How Borschland got its name

BorschlandmapcoloredHow do authors name things?

J.R.R. Tolkien created an entire mythos as a companion to his renowned Middle Earth series of novels. The names Legolas, Boromir, and Frodo all had linguistic reasons for being what they were, since Tolkien was himself a professional linguist.

Conversely, Christopher Paolini, the bestselling author of the "Eragon" fantasy series, spent much less sweat and ingenuity thinking about the names in his book.

"Eragon," Paolini once admitted, is simply "Dragon" with an "E" instead of a "D."

And what about Borschland, the setting for a story about an ordinary American ice hockey player who becomes, against all odds, a national sensation in his adopted home?

As the progenitor of that name, I guess I'm more in Paolini's corner than Tolkien's, though the story is a bit more involved than the swap of an E for a D.

I was something like twelve or thirteen when Borschland was born. In those days I was prone to create three worlds in a single afternoon. Most of my creations came in the form of maps, and stayed that way. I was a forgetful god, and the inhabitants of those forgotten places would have justly railed at me for not taking care of what I had started.

Borschland was different. It also started out as a map-- the medium of which was markers on butcher paper-- but it soon took on a life of its own.

Borschland's inspiration was the last name of a friend of mine whose father was the dean of an Episcopal seminary in my hometown. My friend lived with his father, mother, and twin younger brothers in an impossible wonder of a house, an on-campus stone-and-brick edifice with soaring ceilings, endless bedrooms, enormous kitchen, and backyard basketball court. It had apparently once been a dormitory.

It was the perfect place for all manner of early adolescent diversion. We played every sport known to man either there or in the quad of the seminary across the street. To play baseball, we used a yellow plastic ball my friend dubbed a "grapefruit." I once whacked that sphere on a rising arc across the quad, smashing a window in the building that acted as the right-field fence.

We also started our own soccer team, and when we could not find a coach willing to train us, my friend's father, the seminary dean, consented to shepherd us until he found a willing divinity student.

That student was the first man I ever knew besides a pirate who sported a gold earring. He was a prince among men to put up with my fourteen year-old diva self.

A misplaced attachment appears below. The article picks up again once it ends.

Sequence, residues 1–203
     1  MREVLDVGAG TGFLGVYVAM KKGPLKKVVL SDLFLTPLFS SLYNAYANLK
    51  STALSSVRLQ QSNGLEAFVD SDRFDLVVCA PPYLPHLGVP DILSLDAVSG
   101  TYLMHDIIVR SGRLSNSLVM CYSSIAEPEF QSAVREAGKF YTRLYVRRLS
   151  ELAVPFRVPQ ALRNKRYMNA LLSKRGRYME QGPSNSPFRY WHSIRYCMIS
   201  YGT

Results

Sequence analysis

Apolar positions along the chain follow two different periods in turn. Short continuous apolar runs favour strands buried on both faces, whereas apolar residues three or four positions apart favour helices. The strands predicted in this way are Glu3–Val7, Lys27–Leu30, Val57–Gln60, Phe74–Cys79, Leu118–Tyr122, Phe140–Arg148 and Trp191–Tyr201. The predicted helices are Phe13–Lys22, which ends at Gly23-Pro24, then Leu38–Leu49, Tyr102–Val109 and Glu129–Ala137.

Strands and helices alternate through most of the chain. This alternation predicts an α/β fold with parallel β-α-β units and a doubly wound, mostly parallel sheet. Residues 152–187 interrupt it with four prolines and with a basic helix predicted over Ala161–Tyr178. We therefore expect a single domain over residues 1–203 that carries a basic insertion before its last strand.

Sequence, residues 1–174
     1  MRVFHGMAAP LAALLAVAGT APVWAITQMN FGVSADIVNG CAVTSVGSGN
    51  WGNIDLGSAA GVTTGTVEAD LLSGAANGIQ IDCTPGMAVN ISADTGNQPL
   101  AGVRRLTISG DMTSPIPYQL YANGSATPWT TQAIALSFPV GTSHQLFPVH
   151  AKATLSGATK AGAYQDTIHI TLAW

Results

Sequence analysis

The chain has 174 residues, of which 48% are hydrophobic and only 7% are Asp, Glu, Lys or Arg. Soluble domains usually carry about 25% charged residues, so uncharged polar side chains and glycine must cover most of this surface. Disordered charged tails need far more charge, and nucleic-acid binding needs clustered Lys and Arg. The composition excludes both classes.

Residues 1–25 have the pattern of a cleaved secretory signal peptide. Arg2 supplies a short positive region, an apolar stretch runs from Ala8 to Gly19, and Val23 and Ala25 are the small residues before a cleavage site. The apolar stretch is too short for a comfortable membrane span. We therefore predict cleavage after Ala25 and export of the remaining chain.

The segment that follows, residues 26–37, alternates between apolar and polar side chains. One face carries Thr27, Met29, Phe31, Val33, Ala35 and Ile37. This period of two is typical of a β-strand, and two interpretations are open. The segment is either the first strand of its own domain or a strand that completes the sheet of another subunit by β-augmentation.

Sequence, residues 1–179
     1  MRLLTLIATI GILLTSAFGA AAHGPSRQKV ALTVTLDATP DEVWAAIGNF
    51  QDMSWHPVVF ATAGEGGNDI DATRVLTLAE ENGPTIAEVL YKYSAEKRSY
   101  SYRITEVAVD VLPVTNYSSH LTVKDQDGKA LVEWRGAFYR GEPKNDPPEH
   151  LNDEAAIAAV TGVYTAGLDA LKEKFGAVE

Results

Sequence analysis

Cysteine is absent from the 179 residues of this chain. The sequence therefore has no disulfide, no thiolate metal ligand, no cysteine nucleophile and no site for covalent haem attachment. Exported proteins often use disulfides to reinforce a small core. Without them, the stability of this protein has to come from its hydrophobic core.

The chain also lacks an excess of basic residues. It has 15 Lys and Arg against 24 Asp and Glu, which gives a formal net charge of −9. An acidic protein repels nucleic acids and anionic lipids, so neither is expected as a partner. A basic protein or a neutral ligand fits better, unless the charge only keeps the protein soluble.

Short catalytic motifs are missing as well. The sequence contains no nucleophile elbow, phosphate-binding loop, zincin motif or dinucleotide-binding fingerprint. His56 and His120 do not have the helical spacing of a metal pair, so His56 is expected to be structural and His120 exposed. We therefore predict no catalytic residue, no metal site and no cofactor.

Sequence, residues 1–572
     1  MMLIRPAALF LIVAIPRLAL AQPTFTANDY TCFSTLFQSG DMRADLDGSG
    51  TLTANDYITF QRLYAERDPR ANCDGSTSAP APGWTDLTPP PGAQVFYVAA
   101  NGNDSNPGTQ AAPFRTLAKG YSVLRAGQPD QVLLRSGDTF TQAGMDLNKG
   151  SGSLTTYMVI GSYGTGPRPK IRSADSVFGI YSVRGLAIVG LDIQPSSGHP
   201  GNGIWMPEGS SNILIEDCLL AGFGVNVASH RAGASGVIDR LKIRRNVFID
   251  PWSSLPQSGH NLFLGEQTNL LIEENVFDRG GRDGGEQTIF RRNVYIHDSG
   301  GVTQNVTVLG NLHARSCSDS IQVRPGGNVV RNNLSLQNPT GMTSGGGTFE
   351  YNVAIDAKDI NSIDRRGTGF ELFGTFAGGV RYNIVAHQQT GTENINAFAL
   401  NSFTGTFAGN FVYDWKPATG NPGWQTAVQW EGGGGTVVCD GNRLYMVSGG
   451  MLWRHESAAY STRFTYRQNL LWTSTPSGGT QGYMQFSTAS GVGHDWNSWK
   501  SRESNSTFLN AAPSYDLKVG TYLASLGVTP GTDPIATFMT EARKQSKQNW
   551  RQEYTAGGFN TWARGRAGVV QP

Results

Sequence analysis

My friend's mother, the Platonic ideal of mothers, presided over the kitchen, doling out bowls of yogurt and cottage cheese for afternoon snacks, and ferrying us around in the family's white station wagon. Later in life, I had a nightmare that involved being pursued by Satan in a desert wasteland. Presently my friend's mom appeared in the station wagon to rescue me, as ever an angel of mercy.

Since my friend had spent time in Chicago, he had the equipment for street hockey-- goals, sticks, rubber balls used for pucks-- and we played glorious games in the backyard basketball court.

My friend also had a table-top hockey game which I borrowed and played on my own, keeping careful statistics of all goals, assists, and penalties.

With such enrapturing memories stoking the fires of my nostalgia, it was in a way a foregone conclusion that Borschland, which is truly what my friend's idyllic household could be called, would take on a life of its own.

In college I maintained a Borschland Hockey League with teams from all the cities I had created on the map.

Like Tolkien, I became interested in language, and modified the city names to have more uniformity and logic. Borschland's language became an odd combination of Dutch, German, and French, with certain native elements of a land I had named after our seventh-grade science teacher.

Borschland also became the location for a bad short story I wrote about a young man whose mysterious landlady had the odd last name of "Enoon" (hint:  enoon is "no one" spelled backwards), and whose climax took place at an ice hockey game.

Thus, fiction entered into Borschland.

Much later in life, I introduced the fantasy ice hockey league to my son, who created a blog around it, and I contributed posts in the voice of a Borschic ice hockey journalist named Kadmus Greningen.

A story thread grew up around the blog posts involving an American ice hockey player named Sherm Reinhardt. You can still read those original posts today.

Eventually, the Borschland Hockey Chronicles, two novels and an anthology of short stories (plus another novel in progress), were born.

Now I have learned of the passing of my friend's father. The generous, genial man who was our interim soccer coach went on to be a revered bishop in the Episcopal Church.